Monday, August 12, 2019

The Last Pig

Last Thursday, our local pig sanctuary — Pigtopia — hosted a screening of The Last Pig, a documentary that follows one pig farmer's journey to give up animal farming, at Crosstown Arts (where I work).

I had the chance to visit Pigtopia, which is currently home to 25 rescued pigs, earlier this year for a freelance story I wrote for Edible Memphis. You can read that piece (and learn more about Pigtopia) here. I'm always down to support anything they do, and I wouldn't miss have missed this film for the world!

I met up with a few friends there — Jen & Simon and Nicole & Vaughan. And of course, the house was packed with the who's who of the Memphis vegan community! Pretty sure I knew most people there!

Also, Imagine Vegan Cafe was there with free food! They've been so supportive of Pigtopia from the start.

I loaded up a plate with a little of everything — Vegan Rotel Cheese Dip, Spinach Artichoke Dip with Crostini, Vegan Chicken Salad Sliders, Vegan Mac & Cheese Rolls (like pigs in blankets but with mac inside!!), and Mini Cupcakes!

Pigtopia had a little benefit art sale going on as well, plus they were selling buttons and stickers. Attendees could sign up to sponsor a pig for $15 a month.

As for the film, it was heart-breaking but very tastefully done. The film follows farmer Bob Comis, who had been farming pigs on a small free-range farm in upstate New York for years. At the beginning of the documentary, Bob seems pretty okay with what he's doing (and he's doing way better than factory farms). But by the end, he's evolved to understand that the pigs he slaughters are no different than his faithful dog, who follows him around the farm. He eventually gives up pig farming in favor of vegetable farming, so there's a happy ending.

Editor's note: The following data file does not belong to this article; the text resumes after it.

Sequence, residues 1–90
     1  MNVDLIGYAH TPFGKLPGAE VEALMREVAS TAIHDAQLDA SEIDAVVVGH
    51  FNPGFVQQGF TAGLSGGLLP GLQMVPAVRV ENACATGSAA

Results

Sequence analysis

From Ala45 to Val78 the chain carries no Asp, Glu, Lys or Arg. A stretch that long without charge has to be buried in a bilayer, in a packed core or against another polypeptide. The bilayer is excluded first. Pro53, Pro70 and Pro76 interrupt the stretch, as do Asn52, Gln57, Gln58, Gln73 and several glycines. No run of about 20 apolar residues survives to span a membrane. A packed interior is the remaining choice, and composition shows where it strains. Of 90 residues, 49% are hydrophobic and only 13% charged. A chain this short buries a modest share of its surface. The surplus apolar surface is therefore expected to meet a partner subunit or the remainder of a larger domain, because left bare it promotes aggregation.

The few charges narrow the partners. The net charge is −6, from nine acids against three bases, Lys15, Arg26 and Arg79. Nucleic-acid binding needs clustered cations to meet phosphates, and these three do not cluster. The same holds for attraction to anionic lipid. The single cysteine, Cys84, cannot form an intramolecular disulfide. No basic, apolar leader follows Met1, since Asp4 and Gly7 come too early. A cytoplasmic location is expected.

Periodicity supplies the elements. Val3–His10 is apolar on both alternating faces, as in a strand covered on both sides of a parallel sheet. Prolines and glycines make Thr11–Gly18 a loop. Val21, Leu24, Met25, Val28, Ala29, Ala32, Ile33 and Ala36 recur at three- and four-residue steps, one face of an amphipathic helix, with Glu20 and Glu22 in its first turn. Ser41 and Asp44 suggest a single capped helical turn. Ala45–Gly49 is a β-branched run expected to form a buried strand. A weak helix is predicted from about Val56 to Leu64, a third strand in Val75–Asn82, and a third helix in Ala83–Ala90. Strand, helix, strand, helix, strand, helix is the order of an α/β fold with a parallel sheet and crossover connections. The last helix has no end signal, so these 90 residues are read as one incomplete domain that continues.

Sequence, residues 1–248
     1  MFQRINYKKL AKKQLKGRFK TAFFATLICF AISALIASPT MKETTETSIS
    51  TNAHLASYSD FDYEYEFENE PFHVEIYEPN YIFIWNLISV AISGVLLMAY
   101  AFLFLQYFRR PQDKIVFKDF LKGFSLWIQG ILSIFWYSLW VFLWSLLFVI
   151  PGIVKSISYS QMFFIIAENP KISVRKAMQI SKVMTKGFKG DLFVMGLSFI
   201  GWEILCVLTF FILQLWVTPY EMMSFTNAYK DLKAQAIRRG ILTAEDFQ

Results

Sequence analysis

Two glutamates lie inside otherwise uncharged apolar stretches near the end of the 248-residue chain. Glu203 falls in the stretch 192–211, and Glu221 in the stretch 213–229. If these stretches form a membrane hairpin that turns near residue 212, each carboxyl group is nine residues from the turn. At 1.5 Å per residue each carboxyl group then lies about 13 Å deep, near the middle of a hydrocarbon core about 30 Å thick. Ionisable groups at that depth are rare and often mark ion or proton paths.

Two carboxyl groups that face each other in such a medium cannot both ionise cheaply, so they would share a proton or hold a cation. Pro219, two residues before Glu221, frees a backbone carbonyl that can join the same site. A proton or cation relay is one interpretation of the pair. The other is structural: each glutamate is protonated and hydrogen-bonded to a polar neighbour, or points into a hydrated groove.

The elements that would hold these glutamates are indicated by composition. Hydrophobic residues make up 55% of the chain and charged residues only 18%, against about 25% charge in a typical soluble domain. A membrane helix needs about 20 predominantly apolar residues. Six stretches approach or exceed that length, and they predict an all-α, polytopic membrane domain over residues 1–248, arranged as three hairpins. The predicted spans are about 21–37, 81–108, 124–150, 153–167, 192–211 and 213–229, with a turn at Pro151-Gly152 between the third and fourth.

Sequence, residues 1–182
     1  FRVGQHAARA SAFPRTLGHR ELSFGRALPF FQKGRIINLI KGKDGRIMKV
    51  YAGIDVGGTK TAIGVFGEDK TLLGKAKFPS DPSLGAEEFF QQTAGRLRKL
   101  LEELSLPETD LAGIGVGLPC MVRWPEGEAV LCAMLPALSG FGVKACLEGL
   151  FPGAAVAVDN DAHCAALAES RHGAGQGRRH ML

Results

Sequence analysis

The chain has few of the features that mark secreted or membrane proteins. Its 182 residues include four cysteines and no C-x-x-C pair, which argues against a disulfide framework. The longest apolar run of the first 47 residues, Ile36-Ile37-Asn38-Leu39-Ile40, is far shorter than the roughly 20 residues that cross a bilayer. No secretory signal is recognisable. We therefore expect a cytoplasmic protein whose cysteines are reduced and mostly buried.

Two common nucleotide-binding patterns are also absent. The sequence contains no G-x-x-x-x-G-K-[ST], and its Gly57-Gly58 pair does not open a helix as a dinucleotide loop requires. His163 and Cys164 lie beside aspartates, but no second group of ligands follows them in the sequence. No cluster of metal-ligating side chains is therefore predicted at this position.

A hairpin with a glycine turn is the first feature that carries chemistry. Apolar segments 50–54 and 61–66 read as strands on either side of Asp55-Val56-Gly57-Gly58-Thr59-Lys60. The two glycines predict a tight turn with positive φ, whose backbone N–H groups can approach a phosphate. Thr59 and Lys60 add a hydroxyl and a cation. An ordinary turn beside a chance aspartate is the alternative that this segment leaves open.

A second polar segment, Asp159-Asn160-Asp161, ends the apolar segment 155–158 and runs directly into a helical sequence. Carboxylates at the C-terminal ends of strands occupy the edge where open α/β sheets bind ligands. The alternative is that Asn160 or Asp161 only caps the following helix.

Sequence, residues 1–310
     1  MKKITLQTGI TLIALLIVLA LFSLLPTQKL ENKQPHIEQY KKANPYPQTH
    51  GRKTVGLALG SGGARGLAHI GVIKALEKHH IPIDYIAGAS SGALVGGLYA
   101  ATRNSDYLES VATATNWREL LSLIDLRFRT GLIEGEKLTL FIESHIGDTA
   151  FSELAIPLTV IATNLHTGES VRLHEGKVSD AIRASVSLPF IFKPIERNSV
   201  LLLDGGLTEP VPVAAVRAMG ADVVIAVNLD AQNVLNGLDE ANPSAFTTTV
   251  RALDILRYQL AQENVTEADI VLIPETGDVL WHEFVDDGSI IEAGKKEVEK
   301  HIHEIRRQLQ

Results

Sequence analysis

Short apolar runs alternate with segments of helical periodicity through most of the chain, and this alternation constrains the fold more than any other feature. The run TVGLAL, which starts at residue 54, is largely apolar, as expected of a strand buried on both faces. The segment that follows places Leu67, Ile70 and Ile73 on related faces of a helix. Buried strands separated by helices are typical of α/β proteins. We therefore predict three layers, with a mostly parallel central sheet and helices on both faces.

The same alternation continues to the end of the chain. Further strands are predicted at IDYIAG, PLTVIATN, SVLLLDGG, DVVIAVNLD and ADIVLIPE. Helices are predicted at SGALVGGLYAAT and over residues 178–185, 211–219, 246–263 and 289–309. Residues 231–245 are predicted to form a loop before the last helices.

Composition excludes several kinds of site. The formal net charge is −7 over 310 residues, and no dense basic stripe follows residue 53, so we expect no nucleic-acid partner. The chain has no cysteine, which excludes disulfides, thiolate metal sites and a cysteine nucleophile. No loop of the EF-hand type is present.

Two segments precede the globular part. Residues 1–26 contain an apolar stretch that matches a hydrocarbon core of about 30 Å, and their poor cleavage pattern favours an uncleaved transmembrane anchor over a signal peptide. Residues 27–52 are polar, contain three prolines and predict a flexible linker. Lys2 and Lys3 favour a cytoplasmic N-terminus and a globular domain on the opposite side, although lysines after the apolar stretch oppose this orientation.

But viewer be warned: There are some very sad scenes from the slaughterhouse. You don't see graphic violence, but the violence is implied when you see the stressed-out pigs in the corral, waiting for slaughter, or the blood on the floor of the kill room. In one scene, Bob leads each pig, one by one, into the kill room. The camera focuses on the last pig waiting to be led to his death, and he's visibly stressed out, his tongue wagging in a pant. 

How anyone can kill a sentient being for the fleeting pleasure of a meal is truly beyond me. I'm so grateful for farmers like Bob Comis, who after killing 2,000 pigs finally realized he was murdering sentient, intelligent beings. And I'm grateful for Memphis' own Pigtopia!


Susan said...

Sounds like a beautiful but heart wrenching film. I am so glad that people are out there making the connection. I hope this film inspires more people to do so.

Sarah said...

Wow, the film sounds so powerful. You said it perfectly: I don't understand how anyone can kill a sentient being for the fleeting pleasure of a meal either. That is amazing that Bob is making the change and that Pigtopia exists. The event itself looks like a wonderful gathering for an amazing cause and Imagine definitely came through with a delicious spread.

Hillary said...

I'm tearing up just reading your description of the movie. I'm very happy he had such a wonderful change of heart.
Imagine really did come through!!!